Debut: North Of the Yukon, 1965
A slimy loanshark and crimeboss, and Scrooge's greatest rival in his youth. He first appears in the Carl Barks story North of The Yukon, trying to scam Scrooge out of his fortune with the I.O.U that Scrooge signed for a loan in 1898, and appears several more times, usually in flashbacks to the gold rush days, but also as the villain of Back To Klondike by Don Rosa.
- Butt Monkey: Has both his riverboats destroyed by Scrooge, once deliberatly, and once when a tidal flood Scrooge accidently released while fighting Butch Cassidy and Sundance Kid crushes it.
- Evil Debt Collector: His contracts dont have any fine print, but instead has a small space between the interest rate, and the percentage symbol, allowing him to add a zero after the contract has been signed, and charge 100% interest instead of 10.
- Loan Shark: Soapy's "legitimate" business.
- Morally Bankrupt Banker
- Starter Villain: Chronologically, he is Scrooge's first real enemy.
- Villain Decay: Soapy has fallen far since the glory days of Klondike. Once the head of nearly all crime in Klondike, he is now reduced to running riverboat tours for tourists.
Neighbor J. Jones
Debut: Good Neighbors (1943)
Donald's next door neighbor. He and Donald have a heated rivalry that comes close to being a full-fledged war, with the yard between their houses as the battlefield.
- Disproportionate Retribution: When we are given a reason for why Donald and Jones are fighting (if they themselves even remember it), it's usually something like this.
- Cranky Neighbor
- Jerkass - he's essentially a bigger, angrier Donald.
- Momma's Boy: His mother is the only one who can force him and Donald to "play nice."
- One Name Only - it's implied that either his first name is Jones, or his last name is Neighbor
- Er, no. It's more like his first name is problematic: Carl Barks called him Jughead, which can't be used today because there's a more famous Jughead Jones in comics.
- Sitcom Arch-Nemesis
- Suspiciously Similar Substitute - in some European comics Donald has a second neighbor, Johnson. While Jones is as angry as Donald, Johnson is a cunning cheater and schemer.
P.J. McBrine/Argus McSwine
Debut: Forbidden Valley (1957)
A pig-featured, mustachioed con man usually wearing a hat and a black coat. Created by Barks, he's appeared under many different names such as "Scalpnik" and "Porkman de Lardo".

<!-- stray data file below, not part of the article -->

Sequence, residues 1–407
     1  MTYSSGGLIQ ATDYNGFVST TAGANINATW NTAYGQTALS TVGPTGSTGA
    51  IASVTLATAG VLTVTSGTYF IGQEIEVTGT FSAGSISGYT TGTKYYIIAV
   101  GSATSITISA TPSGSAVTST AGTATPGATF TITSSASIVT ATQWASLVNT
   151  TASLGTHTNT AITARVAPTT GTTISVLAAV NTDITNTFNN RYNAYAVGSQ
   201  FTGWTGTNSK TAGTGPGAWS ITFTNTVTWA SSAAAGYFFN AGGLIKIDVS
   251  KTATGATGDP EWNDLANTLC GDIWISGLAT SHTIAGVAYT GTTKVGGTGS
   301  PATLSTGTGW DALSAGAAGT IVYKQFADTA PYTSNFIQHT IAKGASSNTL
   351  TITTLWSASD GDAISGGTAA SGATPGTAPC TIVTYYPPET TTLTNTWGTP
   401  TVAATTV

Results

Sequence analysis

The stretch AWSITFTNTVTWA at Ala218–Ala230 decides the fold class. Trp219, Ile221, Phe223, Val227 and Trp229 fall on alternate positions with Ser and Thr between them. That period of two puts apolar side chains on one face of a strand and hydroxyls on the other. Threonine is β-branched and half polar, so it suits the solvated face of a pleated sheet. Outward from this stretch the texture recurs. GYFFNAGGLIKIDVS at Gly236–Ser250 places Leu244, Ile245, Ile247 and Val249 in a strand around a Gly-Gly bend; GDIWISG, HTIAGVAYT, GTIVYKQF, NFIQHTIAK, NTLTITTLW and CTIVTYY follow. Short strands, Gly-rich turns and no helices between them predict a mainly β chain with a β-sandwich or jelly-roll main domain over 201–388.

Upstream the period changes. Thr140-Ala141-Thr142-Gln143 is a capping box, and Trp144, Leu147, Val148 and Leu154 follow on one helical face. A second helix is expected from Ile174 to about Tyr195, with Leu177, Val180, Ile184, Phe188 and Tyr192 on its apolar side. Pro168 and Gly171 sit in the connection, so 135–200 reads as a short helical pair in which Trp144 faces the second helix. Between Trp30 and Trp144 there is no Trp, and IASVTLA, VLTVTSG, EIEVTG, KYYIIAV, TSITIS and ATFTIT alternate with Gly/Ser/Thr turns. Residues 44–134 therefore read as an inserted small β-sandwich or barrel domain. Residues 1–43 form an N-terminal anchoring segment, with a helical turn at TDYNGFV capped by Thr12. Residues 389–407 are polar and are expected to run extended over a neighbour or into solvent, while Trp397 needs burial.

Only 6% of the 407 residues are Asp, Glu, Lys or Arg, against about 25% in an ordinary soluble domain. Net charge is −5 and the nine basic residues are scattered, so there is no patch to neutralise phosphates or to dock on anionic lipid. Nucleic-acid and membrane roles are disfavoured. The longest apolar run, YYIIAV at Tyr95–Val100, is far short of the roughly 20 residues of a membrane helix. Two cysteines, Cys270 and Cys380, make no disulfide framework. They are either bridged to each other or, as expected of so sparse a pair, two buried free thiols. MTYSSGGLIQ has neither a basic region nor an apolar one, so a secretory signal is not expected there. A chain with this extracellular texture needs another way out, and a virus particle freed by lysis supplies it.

- Obviously Evil
- Zany Scheme: His plots have included stuff like turning pineapples to stone with a poison or destroying Duckburg's cucumber crop so he could sell his own unpalatable foodstuffs ("Forbidden Valley", his first appearance).
Debut: The Black Knight (1998)
A gentleman and playboy of the French riviera, living a double life as Le Chevalier Noir (the Black Knight), the greatest cat burgler in the world. As he seeks to rob Scrooge of his fortune as a cap to his career, he becomes considerably more dangerous after stealing a flask of the "Universal Solvent" created by Gyro and fashioning it into a suit of armour that dissolves everything that stands in his way. Created and mostly exclusively used by Don Rosa.
- Affably Evil: Unfailingly polite and genuinely respectful to his opponents. However, he is trying to destroy Scrooge's most prized possessions, and comes dangerously close to killing Donald in "The Black Knight Glorps Again".
- Affectionate Parody: Of Arsène Lupin.
- Black Knight: Ya think? He doesn’t actually wear an armour until he steals one from Scrooge, though. After he coats it with the black Universal Solvent, it becomes his signature look.
- Friendly Enemy
- Funny Foreigner: Subverted. He may speak in a ridiculous accent, but he’s arguably the most deadly competent of all of Scrooge’s foes.
- Gentleman Thief: Is he ever.
- Graceful Loser: Arpin holds no ill will toward Scrooge when he is foiled and lets him decide the terms of victory (though he’ll only follow them to the letter. He also gives Scrooge a priceless painting in reward after the second time Scrooge beats him
- Impossible Thief: He does this all the time. He’s fond of stealing people’s clothes while they are still wearing them. Also subverted, though: He acknowledges that he can’t really steal the entire contents of Scrooge’s money bin, and instead plans to dissolve all of it to just make it appear he did.
- Exact Words: At the end of his first story, after being captured, he promises Scrooge that he won't pick the lock to his chains nor pick Donald's pocket for the key. He steals Donald's whole shirt, including the key.
- It Only Works Once: Arpin is Genre Savvy enough not to fall for the same trick twice. In his second story, upon recovering the black armour, he adds a large hook to the back of the armour to avoid being tripped through the floors of Scrooge's bin the way he was in his debut story.